Three species of the genus Plasmodium were responsible for the 11,327,462 cases of malaria in Brazil between 1990 and 2017. P. vivax accounted for 73.5% of the reports, followed by P. falciparum (25.5%). One percent of the cases were caused by other species. Noteworthy, P. vivax has been increasingly associated with severe malaria, leading to complications that include respiratory distress, shock, and anemia [59, 60, 61, 62]. In Brazil, the cases of malaria are seldom caused by P. malariae, and those are usually restricted to specific Amazon regions and its surroundings [58, 63]. Therefore, the burden of the disease in the country is a result of the infections by P. vivax and P. falciparum. What should be emphasized is that each of these two species generates different burdens for malaria [58, 64, 65]. Additionally, factors such as the immunological and genetic characteristics of the exposed population, the climate and environmental conditions, the presence of vector control policies, and the use of antimalarial drugs can influence the burden of the disease [43, 58, 65].
The main goals of the National Malaria Control Program (Programa Nacional de Controle da Malária - PNCM)  of the Brazilian Ministry of Health are to reduce the case fatality rate and severity of cases, reduce the incidence of the disease, eliminate transmission in urban areas, and maintain the disease controlled in areas where the transmission has already been interrupted. The current scenario in the Amazon region is promising but still requires new approaches to eliminate transmission in the municipalities where it persists. The treatment for malaria adopted by the Brazilian Public Health System (Sistema Único de Saúde - SUS) is based on the use of active principles such as chloroquine and primaquine, among others .
Even though substantial progress has been made in reducing the burden of malaria in Brazil, planning actions for controlling the disease remains a priority, especially in the Legal Amazon. The risk of death due to malaria results from a combination of environmental, demographic, and others factors, which may result in highly localized risk patterns.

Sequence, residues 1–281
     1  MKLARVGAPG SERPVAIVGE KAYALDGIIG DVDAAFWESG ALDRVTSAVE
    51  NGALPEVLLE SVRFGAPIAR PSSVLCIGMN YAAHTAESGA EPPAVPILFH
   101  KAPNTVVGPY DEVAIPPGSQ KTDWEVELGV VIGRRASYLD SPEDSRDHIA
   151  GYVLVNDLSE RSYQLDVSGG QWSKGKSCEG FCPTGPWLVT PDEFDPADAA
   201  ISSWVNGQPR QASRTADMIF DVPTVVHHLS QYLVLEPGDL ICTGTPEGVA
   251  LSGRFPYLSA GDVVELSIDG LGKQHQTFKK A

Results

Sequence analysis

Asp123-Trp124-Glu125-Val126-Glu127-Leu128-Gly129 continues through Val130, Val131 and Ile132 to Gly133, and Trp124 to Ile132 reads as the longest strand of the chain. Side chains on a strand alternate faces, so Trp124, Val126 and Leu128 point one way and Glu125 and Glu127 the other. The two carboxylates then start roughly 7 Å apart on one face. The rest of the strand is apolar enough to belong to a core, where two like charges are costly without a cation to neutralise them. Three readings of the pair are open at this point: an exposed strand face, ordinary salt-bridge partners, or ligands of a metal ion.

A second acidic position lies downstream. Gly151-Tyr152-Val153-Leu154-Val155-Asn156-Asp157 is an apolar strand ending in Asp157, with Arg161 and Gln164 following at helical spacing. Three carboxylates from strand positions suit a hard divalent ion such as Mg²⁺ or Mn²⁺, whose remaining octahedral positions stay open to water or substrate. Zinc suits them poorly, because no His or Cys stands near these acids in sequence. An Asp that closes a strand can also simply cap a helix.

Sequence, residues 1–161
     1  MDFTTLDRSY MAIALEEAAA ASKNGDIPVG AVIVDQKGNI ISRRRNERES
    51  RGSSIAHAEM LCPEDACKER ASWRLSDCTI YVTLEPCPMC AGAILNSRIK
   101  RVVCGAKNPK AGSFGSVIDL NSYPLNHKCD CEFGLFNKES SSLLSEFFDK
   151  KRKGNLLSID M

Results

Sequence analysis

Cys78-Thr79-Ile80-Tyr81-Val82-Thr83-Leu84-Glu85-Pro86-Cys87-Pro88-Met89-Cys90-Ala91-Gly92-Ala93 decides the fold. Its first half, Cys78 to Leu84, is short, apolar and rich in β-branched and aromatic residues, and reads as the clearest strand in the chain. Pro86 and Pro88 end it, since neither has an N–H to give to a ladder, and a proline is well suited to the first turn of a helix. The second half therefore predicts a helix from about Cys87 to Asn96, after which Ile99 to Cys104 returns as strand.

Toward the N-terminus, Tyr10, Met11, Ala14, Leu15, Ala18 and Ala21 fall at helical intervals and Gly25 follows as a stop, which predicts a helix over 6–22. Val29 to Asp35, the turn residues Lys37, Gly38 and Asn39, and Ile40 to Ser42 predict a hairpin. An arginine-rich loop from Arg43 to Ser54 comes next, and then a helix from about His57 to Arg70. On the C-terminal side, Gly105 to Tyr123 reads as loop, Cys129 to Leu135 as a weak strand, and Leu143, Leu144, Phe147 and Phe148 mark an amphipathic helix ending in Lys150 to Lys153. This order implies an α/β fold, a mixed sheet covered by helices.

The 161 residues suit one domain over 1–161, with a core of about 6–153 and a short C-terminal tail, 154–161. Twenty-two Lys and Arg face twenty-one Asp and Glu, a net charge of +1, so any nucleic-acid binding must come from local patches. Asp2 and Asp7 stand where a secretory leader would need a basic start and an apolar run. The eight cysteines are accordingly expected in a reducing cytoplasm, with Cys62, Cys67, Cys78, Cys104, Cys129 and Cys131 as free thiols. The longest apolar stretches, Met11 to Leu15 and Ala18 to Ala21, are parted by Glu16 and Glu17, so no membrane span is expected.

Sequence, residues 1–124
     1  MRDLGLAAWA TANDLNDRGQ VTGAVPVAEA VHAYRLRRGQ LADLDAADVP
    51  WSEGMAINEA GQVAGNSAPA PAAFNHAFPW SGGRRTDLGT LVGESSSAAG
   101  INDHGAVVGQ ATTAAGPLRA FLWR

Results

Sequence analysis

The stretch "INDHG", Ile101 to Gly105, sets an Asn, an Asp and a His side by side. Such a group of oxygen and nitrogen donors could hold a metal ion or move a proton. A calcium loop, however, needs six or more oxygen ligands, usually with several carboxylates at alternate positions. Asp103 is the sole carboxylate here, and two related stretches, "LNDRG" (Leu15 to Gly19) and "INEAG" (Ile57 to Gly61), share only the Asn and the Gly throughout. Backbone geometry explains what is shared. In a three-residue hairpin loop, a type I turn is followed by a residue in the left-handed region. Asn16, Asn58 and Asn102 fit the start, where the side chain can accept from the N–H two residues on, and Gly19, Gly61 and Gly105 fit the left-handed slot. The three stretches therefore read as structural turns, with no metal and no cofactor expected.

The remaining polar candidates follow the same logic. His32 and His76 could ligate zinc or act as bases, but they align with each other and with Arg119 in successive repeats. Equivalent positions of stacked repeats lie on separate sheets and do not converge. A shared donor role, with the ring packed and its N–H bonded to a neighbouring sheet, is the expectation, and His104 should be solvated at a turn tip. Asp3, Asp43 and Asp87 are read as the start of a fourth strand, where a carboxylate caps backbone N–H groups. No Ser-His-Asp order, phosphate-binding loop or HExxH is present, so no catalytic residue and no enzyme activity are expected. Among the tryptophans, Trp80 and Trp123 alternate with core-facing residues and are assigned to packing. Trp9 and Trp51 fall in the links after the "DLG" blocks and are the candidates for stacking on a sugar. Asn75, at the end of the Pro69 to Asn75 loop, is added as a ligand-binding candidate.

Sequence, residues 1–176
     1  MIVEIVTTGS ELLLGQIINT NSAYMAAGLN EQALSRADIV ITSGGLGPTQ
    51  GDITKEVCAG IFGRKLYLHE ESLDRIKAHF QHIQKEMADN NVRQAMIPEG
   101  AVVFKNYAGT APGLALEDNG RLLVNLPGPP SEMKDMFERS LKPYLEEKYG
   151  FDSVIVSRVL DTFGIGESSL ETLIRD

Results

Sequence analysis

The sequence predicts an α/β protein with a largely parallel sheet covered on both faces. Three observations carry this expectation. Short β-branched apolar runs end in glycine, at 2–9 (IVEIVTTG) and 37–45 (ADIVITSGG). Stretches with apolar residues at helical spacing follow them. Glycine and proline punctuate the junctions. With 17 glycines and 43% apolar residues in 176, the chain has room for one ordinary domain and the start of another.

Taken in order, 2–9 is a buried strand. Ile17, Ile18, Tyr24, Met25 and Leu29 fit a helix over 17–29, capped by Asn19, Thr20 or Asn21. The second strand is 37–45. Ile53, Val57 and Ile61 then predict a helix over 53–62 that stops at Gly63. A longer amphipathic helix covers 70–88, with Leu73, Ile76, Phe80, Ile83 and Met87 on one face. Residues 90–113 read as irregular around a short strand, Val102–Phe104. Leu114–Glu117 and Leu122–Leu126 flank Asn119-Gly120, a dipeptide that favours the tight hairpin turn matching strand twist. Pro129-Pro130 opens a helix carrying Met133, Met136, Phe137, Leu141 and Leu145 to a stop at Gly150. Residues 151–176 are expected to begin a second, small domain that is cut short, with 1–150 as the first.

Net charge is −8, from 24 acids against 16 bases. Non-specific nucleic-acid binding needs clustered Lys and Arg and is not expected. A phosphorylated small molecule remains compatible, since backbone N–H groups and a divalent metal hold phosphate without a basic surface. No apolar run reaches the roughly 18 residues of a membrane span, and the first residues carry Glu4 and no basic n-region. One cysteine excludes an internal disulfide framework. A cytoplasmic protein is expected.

Although the GBD 2017 generated important estimates of the global burden of diseases, the study presents critical limitations regarding the coverage and quality of the Brazilian databases used. Another important limitation resides in the fact that their estimates do not consider the malaria burden caused by P. falciparum, P. vivax, and P. malariae separately. This may be taken into account in future studies, as the three parasite species cause different clinical manifestations, present distinct geographic distributions, and, therefore, should have their specific disease burden estimates [58, 68]. P. vivax, for example, can cause multiple relapses, recrudescence or reinfection following the elimination of infection from the blood due to its stage of hypnozoites in the liver [64, 65, 69, 70]. Thus, it leads to a burden that is different from that caused by the other two parasite species.
Despite these limitations, based on the GBD 2017 estimates, our study showed a declining trend in malaria burden in Brazil during the 27 year study period. However, the disease persists as an important cause of loss of years of healthy life due to premature mortality and disability in the country. Understanding the geographic and temporal distribution of the risk of death and disability is essential for the planning, implementation, and refinement of control strategies aiming to eliminate the diseases.